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Vector Research - Global Technologies.


Consumers are bombarded with drug advertising on television, radio and in print media. Their conversations include discussions of newly introduced drugs and, as patients, they
have become advocates of their own health care by confronting their physicians with information they have acquired. Concurrently, as many of the newly introduced drugs
achieve billions of dollars annually in sales, industry observers, industry participants, patients, and health care reformers are beginning to question why the cost of drugs is so high. Consequently, the future health of the U.S. drug industry may be in doubt.

According to a soon-to-be-released BUSINESS COMMUNICATIONS CO., INC. study C-181R
The Changing Drug Industry: New Strategies, Product Trends, total worldwide drug sales reached $145 billion in 1998, with $94.5 billion in domestic use. Ethical, generics and OTC drugs
accounted for $42.7 billion, $22.8 billion and $29 billion respectively. By the year 2003 domestic sales are expected to grow to $186.5 billion, exhibiting an annual average growth rate (AAGR) of
14.6% for the period 1998-2003. The worldwide market will grow at an AAGR of 13.3% from 1998 to 2003, reaching $271.2 billion in 2003.

In 1999 the leading "block buster" drugs will generate sales over $26.6 billion. Numerous drugs have been "switched" from prescription to OTC status. Currently, there are more than 600 drug products in the OTC marketplace that were available only by prescription a decade ago. This segment will experience the fastest AAGR of 15.7% from 1998 to 2003. Nevertheless ethical sales will contribute to roughly 43% of the total domestic drug sales.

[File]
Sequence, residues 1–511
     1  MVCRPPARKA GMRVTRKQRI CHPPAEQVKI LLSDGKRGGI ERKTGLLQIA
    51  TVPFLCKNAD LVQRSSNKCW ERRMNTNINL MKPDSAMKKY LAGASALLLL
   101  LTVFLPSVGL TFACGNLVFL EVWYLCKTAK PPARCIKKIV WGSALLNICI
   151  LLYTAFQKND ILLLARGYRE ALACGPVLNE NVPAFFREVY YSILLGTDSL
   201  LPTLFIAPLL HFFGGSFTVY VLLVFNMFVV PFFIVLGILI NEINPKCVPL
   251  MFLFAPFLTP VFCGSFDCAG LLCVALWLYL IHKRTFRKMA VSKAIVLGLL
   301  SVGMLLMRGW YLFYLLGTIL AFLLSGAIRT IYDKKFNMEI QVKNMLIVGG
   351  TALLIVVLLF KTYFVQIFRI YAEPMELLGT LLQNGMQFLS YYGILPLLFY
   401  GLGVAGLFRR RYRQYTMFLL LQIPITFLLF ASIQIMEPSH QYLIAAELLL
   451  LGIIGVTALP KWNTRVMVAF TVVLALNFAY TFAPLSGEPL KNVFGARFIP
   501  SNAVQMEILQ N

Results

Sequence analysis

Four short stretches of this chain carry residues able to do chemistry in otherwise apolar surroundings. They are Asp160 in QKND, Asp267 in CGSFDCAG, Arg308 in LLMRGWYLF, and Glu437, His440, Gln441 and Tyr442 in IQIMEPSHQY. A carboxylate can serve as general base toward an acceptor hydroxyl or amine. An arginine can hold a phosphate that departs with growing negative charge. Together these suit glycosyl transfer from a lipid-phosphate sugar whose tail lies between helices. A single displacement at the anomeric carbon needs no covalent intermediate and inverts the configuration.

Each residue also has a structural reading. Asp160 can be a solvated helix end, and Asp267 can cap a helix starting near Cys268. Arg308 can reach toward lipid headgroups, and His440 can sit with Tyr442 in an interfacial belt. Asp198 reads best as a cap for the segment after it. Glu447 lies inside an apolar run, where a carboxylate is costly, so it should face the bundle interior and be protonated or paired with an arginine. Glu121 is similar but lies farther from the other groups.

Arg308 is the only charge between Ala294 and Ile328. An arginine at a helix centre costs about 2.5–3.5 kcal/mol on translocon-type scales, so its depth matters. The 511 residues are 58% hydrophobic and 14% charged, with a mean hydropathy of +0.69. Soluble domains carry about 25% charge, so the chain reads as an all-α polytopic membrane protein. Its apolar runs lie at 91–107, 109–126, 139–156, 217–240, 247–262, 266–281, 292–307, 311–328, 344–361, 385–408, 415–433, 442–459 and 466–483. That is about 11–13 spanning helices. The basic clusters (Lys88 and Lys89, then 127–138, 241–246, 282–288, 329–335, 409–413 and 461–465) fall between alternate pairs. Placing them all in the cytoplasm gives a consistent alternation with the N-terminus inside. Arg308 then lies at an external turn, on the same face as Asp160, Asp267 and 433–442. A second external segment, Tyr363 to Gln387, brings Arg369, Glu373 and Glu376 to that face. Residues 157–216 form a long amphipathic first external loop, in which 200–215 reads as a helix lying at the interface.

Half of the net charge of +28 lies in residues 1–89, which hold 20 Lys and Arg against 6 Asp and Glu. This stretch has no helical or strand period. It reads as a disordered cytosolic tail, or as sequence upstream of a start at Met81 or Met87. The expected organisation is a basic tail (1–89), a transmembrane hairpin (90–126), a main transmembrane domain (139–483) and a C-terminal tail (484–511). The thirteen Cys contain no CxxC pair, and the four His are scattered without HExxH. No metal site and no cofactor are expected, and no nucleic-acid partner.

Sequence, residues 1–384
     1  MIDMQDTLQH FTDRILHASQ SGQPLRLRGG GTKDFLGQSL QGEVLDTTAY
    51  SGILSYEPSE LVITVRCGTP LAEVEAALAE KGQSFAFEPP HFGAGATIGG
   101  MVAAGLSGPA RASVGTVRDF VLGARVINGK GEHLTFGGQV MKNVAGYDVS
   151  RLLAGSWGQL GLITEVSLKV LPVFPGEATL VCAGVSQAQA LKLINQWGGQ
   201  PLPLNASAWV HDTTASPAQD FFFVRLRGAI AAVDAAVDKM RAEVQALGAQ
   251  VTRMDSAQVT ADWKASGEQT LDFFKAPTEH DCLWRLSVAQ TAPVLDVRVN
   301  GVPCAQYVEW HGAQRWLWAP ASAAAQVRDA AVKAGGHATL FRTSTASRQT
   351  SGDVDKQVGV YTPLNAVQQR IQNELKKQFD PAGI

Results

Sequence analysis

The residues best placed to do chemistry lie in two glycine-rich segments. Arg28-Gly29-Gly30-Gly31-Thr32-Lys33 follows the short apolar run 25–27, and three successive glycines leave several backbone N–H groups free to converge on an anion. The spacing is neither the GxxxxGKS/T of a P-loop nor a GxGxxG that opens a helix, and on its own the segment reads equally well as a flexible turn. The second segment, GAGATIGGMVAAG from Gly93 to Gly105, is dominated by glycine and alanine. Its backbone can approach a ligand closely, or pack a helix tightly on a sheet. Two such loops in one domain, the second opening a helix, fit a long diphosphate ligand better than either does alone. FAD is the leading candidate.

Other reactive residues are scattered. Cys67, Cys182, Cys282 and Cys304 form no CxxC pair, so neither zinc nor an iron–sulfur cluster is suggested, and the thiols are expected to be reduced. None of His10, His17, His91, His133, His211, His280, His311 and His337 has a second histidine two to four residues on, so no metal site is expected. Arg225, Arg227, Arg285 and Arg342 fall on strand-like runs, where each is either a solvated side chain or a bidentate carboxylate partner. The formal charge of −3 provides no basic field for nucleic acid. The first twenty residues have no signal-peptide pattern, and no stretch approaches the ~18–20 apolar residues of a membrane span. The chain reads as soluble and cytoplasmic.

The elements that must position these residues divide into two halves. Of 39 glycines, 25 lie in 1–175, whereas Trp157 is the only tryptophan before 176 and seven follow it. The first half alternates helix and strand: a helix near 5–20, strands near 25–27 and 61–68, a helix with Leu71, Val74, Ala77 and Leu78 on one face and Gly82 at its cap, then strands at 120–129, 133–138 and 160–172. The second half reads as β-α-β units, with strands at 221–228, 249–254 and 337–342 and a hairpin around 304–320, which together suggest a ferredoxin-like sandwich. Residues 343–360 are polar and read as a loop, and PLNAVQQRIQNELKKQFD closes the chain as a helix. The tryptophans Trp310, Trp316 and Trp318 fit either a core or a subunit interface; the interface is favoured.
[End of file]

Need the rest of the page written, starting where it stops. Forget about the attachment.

On-line drug stores on the Internet are estimated to be capable of generating $150 billion annually in sales for drugs and cosmetic products. Direct to consumer marketing and co-marketing will also
be an important trend in the years to come. Internet sales will experience an AAGR of 13% from 1999 to 2004.

Drug companies are closely examining monoclonal antibodies as potential new drugs. Pharmaceutical companies are expanding the uses of existing compounds as a means to stretch profits. Sales in this segment are expected to grow from $3.55 billion in 1998 to $47.8 billion in 2003.

The U.S. drug industry has come a long way since the early 90s, where it underwent a concerted attack on the high cost of drugs by health care reformers. One of the dynamics that changed
competitive forces was the relaxation of FDA rules in 1997, allowing pharmaceutical companies to advertise directly to consumers, which exceeded $1 billion in 1998, accounting for nearly 1% of
estimated U.S. drug industry domestic sales.

Future growth in the worldwide drug industry will be impacted by worldwide efforts to reduce cost to patients. Also the worldwide market will see efforts among managed care facilities to control
buying patterns. They will orchestrate greater use of generics and vary drug prices throughout Europe as politicians examine various markets as the result of the introduction of the Euro. The
U.S., Europe and Japan total 81% of all pharmaceutical sales in 1998 but this share is expected to drop to 79% by 2003.

($ Billions)

  1998 2003 AAGR % 
Domestic Sales 94.5 186.5 14.6
 *Ethical Sales 42.7 79.8 13.3
 *Generic Drug Sales 22.8 46.6 15.4
 *OTC Drug Sales 29.0 60.1 15.7
Exported Sales 50.5 84.7 10.9
Total Worldwide Sales 145.0 271.2 13.3

C-181R The Changing Drug Industry: New Strategies, Product Trends

Published: May 1999

Data and analysis provided courtesy of BUSINESS COMMUNICATIONS COMPANY, INC., 25 Van Zant Street, Norwalk, CT 06855,  Telephone: (203) 853-4266; ext. 309,  Email: publisher@bccresearch.com

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